Never before translated into English, Rainer Maria Rilke’s Letters to a Young Painter is a surprising companion to his earlier and far more famous Letters to a Young Poet. In eight intimate letters written to a teenage Balthus—who would go on to become one of the leading artists of his generation—Rilke encourages the young painter to take himself and his work seriously. Written toward the end of Rilke’s life, between 1920 and 1926, these letters paint a picture of the venerable poet as he faced his mortality, looked back on his life, and continued to embrace his openness toward other creative individuals. We have excerpted one of the letters below.
Château Muzot-sur-Sierre, Valais (Switzerland)
February 23, 1923
In a few days you will once again celebrate the outward absence of your rare and discreet birthday. Many happy returns, my friend: let this year of your life about to commence be a happy and prosperous one—despite everything, I have to add, since it seems we have fallen back into the worst of the political turmoil that has already ruined so many years and that little by little deprives those of my generation of any reasonable future. It’s different for you, you will see the dawn to come after this night engulfing our world; you need to see it and call it and prepare for it with all your strength.
Now that you’ve been to Muzot and seen the shops we have in Sierre, you will understand perfectly why I have no choice but to come to your party empty-handed … Frida baked you a cake, but it won’t be able to come, poor thing. She just showed it to me and I had to agree it was neither transportable nor presentable. It’s more of a ghost story than a cake! Frida told me in a toneless voice, eyes still wide from her doleful vision: “At midnight, on the stroke of midnight, it half-collapsed!” Indeed, it is now a lunar cake, since if you look at it from one side only it admittedly looks magnificent, but that is not enough for a real Bundt cake, especially if you have to travel with it! She’s planning to make another one, but I’m afraid the mail is too slow, it probably won’t reach you in time for the party.
And here comes Minot to wish you a happy birthday, my dear Balthus. She’s an almost full-sized cat now, very smart, extremely sweet, and a big sleeper. The swipes are all used up, every last one, as we might have known they would be, and now she shows you her slow and empty paws with distracted caresses sleeping deep inside them.
Her kittenhood ended with a remarkable exploit: One night, a very cold night—I think it was still December—Frida (whose heart is not the most steadfast) had forgotten her out in the snow. At around midnight, practically the very moment when cakes half-collapse, what do you think this little creature dreamed up? She must have been circling the house trying to find some hole she could slip in through, then, not finding any, she climbed (just think, she’s so young!) up the tree next to the house, the plum tree, ventured all the way up to the top, then dared the magnificent leap onto my little balcony. From where, since the door is always open, she could come into my bedroom. I was woken up by her little voice, half plaintive, half angry, and at first I had no idea what she was doing there in the middle of the night … A “promising” display of intelligence, don’t you think?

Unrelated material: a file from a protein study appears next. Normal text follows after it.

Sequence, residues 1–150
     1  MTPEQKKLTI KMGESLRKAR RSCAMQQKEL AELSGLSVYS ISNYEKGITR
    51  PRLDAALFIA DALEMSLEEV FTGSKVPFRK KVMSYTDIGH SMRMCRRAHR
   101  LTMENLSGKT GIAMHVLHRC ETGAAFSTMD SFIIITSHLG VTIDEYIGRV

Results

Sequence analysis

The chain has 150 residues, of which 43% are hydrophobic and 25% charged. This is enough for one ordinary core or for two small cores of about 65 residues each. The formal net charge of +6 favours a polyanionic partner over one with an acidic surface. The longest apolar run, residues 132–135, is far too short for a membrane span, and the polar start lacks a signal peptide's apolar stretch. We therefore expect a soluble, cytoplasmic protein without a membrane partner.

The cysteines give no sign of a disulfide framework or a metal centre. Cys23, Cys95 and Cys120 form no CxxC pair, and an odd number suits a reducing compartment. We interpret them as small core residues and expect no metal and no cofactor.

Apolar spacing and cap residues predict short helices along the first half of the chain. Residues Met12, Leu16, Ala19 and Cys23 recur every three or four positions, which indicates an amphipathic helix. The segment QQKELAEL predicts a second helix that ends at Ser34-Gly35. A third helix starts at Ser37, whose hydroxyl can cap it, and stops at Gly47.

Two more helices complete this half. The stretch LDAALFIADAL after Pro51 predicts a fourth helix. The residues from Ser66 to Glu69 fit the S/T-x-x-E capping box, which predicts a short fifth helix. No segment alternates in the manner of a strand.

Lately she’s been sleeping all night, every night, on the large woodburning stove in the dining room. As for her “job,” mice hardly interest her at all, she chases flies and wishes she could chase birds. But luckily for them, they learn in their schools that cats don’t have wings.
And you, my friend? How is the Academy of Art? You’re going there now, right? And do they like your Oriental piece? Or are the events of the “Ruhr” preventing all that? (As they are everything … )
Be strong, have courage, my dear, and be in good health, that’s all one can hope for when one is waiting. Very, very best wishes to Pierre and to your dear mother and your father, Balthus my dear.
Excerpted from Rainer Maria Rilke’s Letters to a Young Painter, translated by Damion Searls and published by David Zwirner Books.
Damion Searls, a former language columnist for the Daily, is an American translator and writer. He has translated thirty books from German, French, Norwegian, and Dutch, including The Inner Sky: Poems, Notes, Dreams (2010), a selection of writings by Rainer Maria Rilke. He is also the author of three books, most recently The Inkblots (2017), a scientific and cultural history of the Rorschach test and biography of its creator, Hermann Rorschach.